Thankfully, these days, there are game designers, who share my feeling – Dan Versen and others feel the same way and back that up by including solo rules and challenging solo opponents.

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I have often thought: Would it be possible to make a solo AI for board war gamers, that was not only generic enough that it could be used with most games, but would be challenging too.

Do any of you know of such a system?

I would love to hear from you in the comments section  below.  Is there some kind of computer software that we could use?

jigg11.jpg

Years and years ago, I used to convert many of my board war games to the computer using the scenario editor of various computer war games I had.  Tanks was one of them,and Empire Deluxe was another.  The AI of the latter was not very good, so unless you played the vastly weaker side, it made for a boring game.

I would love to hear your comments below!

Visiting Japan? Check out the guests houses that are loaded with games!

On Using Colonial Diplomacy in the ESL Classroom

Colonial Diplomacy is a game by the Avalon Hill Game Company, a game I have known and loved for many years.

I had often wondered: was it a game I could use in the ESL classroom?

I researched others who had used this game with mixed results.

One problem with its use, seemed to the use of L1 during the game, rather than English. Another problem seemed to be the passivity of some of the students.   Read More

Coming to Japan? Want to see Mount Fuji? Check out Kevin`s Guest Houses!

Review of Settlers of Catan

A review of “Catan” (Settlers of Catan)

by Katsuya Michibata

It’s a board game. It’s made in the Federal Republic of Germany. Four players can play the game. All players aim to pioneer “Catan island”. First, all players build two houses and two roads on “Catan”. The phasing player throws the two dice. The sum of two dice’s numbers decides the resource produced. The players get the resources. Players can build a new house or a city or a new road from the resources. But if the sum of two dice’s number is seven, the robber appears. The robber steals player’s resources, and if a player has more than seven resources, players must throw away half the resources in hand. So, all players must notice the robber.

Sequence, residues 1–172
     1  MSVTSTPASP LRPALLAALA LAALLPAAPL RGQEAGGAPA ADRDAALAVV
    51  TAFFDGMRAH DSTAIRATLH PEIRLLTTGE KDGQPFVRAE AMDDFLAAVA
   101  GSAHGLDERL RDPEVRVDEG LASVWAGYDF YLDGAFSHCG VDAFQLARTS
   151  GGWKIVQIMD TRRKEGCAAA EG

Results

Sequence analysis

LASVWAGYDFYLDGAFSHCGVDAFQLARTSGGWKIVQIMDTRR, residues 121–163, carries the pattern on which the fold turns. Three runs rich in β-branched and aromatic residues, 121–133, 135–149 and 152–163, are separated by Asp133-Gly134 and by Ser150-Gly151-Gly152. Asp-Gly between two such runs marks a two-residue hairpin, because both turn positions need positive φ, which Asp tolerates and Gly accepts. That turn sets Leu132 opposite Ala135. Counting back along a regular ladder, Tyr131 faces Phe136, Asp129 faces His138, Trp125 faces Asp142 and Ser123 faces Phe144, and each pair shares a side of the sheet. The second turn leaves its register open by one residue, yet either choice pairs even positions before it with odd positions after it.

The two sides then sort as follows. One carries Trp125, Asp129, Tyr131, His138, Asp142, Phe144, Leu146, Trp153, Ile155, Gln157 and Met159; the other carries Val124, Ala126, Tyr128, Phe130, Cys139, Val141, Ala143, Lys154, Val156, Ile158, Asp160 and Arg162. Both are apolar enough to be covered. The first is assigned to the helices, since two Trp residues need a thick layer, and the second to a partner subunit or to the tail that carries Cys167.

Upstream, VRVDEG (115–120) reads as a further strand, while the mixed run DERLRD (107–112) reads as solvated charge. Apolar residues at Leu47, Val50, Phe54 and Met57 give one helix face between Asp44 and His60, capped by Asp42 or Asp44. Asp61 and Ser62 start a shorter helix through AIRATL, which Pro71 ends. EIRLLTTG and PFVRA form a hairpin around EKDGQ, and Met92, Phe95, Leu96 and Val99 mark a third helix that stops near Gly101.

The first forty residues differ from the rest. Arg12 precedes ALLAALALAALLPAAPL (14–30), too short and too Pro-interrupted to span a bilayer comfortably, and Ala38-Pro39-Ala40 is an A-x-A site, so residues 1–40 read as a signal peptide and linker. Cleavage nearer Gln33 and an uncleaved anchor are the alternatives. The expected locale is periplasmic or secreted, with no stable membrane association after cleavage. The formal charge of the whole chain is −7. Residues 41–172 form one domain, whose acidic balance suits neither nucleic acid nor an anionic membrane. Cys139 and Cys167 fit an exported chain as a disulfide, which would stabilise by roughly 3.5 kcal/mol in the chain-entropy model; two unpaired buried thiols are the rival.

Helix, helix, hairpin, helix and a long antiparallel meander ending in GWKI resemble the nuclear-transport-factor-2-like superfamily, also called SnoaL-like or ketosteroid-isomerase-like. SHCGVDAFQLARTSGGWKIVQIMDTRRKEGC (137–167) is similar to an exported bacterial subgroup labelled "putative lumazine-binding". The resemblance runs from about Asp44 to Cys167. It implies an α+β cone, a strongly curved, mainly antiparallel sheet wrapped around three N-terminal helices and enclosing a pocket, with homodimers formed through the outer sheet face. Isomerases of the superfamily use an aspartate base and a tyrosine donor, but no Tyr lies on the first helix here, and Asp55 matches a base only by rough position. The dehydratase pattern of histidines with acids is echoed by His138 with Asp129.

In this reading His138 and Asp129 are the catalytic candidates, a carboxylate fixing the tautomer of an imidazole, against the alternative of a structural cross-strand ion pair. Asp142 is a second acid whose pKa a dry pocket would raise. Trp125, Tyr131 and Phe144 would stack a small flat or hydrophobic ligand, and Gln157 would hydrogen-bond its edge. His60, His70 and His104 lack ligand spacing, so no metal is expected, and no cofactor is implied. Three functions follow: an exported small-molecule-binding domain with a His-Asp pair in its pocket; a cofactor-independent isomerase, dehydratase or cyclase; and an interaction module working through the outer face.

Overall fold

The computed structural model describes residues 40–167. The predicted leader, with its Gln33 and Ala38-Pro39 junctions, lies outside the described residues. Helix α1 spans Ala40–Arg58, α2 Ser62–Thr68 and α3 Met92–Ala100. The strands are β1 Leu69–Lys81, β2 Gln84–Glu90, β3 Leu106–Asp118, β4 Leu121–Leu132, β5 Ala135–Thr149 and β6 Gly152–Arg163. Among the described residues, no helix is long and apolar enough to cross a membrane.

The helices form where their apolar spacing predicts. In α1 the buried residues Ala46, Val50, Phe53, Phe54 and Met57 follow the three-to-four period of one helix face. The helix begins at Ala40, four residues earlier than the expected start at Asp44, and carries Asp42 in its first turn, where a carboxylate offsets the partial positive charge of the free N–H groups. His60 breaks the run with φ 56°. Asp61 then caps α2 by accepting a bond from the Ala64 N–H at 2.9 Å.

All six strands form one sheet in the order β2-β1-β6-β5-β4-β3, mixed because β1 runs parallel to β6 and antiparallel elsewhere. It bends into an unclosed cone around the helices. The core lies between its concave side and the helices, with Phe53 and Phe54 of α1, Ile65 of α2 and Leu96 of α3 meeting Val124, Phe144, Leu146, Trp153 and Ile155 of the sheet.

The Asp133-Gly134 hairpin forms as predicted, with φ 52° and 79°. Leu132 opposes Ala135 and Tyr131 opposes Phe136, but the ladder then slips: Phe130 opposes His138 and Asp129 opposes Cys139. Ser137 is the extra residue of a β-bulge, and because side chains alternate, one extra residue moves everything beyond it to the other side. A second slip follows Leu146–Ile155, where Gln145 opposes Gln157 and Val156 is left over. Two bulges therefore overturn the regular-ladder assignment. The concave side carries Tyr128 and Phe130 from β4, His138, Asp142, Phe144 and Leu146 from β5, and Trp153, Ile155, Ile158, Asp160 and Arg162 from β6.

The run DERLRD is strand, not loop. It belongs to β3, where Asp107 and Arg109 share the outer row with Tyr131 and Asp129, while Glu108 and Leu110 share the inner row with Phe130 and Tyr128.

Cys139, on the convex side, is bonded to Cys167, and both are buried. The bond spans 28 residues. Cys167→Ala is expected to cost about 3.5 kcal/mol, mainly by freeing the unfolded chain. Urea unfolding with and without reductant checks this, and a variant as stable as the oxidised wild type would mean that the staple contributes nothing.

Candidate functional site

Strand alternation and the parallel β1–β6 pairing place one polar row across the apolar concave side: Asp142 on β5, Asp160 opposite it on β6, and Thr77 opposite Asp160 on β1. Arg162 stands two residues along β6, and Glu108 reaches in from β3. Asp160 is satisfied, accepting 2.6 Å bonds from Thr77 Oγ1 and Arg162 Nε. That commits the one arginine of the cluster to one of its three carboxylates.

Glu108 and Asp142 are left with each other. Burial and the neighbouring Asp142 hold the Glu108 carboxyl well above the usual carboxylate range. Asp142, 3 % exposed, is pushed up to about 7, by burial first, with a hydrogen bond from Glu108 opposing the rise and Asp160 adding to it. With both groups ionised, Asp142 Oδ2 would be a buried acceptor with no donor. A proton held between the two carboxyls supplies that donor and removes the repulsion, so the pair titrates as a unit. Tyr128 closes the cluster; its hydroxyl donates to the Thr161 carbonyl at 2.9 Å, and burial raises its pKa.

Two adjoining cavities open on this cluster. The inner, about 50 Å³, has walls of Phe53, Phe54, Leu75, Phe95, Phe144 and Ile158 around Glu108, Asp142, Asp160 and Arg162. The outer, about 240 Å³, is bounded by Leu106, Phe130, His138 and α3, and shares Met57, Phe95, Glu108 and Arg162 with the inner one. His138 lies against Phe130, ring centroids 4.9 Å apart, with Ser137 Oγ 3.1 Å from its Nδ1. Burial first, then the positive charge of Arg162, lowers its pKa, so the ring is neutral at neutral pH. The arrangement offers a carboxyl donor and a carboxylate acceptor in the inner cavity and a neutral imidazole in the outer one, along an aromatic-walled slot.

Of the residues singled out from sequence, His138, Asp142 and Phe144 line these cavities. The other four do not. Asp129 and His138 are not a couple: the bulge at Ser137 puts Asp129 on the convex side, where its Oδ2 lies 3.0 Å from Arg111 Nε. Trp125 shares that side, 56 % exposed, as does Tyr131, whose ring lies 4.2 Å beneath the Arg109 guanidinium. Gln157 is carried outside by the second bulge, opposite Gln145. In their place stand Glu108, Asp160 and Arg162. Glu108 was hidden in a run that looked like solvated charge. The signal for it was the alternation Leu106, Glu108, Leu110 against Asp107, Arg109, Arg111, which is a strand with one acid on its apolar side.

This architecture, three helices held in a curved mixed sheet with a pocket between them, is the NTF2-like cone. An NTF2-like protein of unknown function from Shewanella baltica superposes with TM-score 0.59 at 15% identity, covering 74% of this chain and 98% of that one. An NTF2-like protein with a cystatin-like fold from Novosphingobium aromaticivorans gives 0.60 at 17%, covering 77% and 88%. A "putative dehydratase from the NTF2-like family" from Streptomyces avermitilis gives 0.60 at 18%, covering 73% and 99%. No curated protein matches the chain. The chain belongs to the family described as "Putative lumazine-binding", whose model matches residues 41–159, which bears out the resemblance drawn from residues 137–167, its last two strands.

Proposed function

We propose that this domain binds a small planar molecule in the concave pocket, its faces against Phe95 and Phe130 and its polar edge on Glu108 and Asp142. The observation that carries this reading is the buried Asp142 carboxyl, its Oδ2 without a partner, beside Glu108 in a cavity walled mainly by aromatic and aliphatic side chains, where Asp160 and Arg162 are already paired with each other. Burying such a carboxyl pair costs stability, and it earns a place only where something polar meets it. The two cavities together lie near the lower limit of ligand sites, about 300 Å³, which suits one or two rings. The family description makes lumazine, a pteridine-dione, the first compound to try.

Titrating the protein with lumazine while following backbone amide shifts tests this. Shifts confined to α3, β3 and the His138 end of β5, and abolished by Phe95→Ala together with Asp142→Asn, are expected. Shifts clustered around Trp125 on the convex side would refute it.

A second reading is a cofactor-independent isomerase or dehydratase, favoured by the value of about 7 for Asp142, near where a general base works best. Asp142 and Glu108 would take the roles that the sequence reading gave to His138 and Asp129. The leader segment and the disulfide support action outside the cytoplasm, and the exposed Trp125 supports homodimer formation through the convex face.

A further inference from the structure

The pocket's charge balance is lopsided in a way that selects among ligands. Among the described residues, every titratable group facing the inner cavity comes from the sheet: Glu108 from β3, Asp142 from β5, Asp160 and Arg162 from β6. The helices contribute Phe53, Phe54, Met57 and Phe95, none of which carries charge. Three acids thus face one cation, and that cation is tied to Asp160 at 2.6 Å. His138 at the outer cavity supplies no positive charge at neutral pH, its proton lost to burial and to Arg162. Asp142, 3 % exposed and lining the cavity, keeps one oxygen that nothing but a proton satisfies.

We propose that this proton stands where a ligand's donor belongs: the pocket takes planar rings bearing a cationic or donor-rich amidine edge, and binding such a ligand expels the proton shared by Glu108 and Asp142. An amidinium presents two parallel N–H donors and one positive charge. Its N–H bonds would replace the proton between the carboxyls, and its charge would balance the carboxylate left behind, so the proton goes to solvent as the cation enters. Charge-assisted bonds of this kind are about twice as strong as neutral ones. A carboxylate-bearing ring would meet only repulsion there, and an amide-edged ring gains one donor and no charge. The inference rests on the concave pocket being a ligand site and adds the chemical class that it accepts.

The game’s interesting thing is “negotiation”.
All players can negotiate with other players. It enables all players to exchange resources.

Read More

Ro Sato Plays Board Games in Tokyo, Japan

Ro Sato Plays Board Games in Tokyo, Japan
We know all about Japan, right? Land of high tech video games and consoles with no time for board games, right? You may be surprised …

This interview got delayed because in the midst of it Ro moved house. No problem. And because of it, Ro related his amusing experience, by which he can tell he is a true member of the species “gamer”: